Adolescent Girls' Relationship with Social Media

Adolescent Girls' Relationship with Social Media

There’s much discussion on the impact of social media on youth, especially girls. In less than 25 years, adolescents’ lives have become inundated with social media, with an overwhelming number (80%) of 13 to 17-year-olds using some type of social media, many for several hours a day. Nearly half admit they check their social media “almost constantly,” or at least a few times every hour.

There are benefits to young people using social media – meeting new people and finding social support to name just a few. But there are reasons for concern about the influence of social media on adolescent development, including that it distracts from schoolwork, reduces in-person interaction, and interrupts sleep. There are also have concerns about privacy, cyberbullying, and online predators, leading us to attempt to limit the amount of time young people spend online.

According to the Society for Research in Child Development, many methods – such as the fact that what they post privately may later become public or that reducing time online may help them sleep – may backfire, particularly for adolescents. It’s known as “the Romeo and Juliet effect,” which describes how imposing authority causes teens to resist.

Despite knowing there are consequences to overuse of social media, focusing on abstract or distant consequences seldom overcomes immediate temptation for youth, who typically don’t consider how their behaviors today may affect what might happen in the future.

A better option is to help adolescents change their own behavior, to self-regulate. By showing teens how social media companies trick them to keep them online or click to other sites to increase their advertising revenue, young people may better understand how they are being manipulated, hooked into staying online, becoming “addicted.” Teens involved in a research study reported greater motivation to cut down their online time as a way to reclaim their independence and untie themselves from corporate manipulation (a larger purpose). The idea of self-regulation aligns with teens’ social values, such as autonomy and social justice. This is known as values-alignment.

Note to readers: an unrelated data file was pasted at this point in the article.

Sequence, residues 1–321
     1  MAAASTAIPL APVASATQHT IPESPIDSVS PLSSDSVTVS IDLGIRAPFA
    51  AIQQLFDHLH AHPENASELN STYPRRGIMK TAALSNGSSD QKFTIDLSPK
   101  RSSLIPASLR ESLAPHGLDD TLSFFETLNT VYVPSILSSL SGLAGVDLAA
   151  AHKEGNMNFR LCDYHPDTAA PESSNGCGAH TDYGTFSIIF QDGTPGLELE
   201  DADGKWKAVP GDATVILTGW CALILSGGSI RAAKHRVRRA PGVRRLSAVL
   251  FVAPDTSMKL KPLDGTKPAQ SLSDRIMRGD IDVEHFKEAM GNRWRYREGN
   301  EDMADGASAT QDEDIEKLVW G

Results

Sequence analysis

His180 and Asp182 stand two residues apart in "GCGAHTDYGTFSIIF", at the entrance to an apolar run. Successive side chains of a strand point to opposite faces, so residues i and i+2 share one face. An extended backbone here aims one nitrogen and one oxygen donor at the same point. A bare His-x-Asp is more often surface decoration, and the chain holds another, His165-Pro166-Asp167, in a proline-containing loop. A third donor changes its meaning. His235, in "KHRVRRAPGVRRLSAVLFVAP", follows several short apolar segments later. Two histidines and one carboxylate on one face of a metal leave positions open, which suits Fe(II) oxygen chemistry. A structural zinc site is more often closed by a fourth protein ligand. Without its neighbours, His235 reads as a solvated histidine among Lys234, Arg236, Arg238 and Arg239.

Research also notes that values alignment messaging motivates girls more so than boys. Girls report that social media is “very” or “extremely” important for friendships – they worry more about being excluded, and place greater desire to receive “likes” than do boys. Girls also report a greater psychological dependence on social media and make more comparisons with their peers’ lives.

Although more research needs to be done, the current studies have shown that helping adolescents act independently and take control of their social media use is beneficial. These are the tactics Chrysalis After-School programs and GirlPower mentors employ. Helping girls understand how advertisers and social media often manipulate them and helping them gain confidence in their own decisions and take control of their own lives are both powerful and effective ways to ensure they have the tools they need to make the best decisions.

This is the way strong girls become confident, independent women.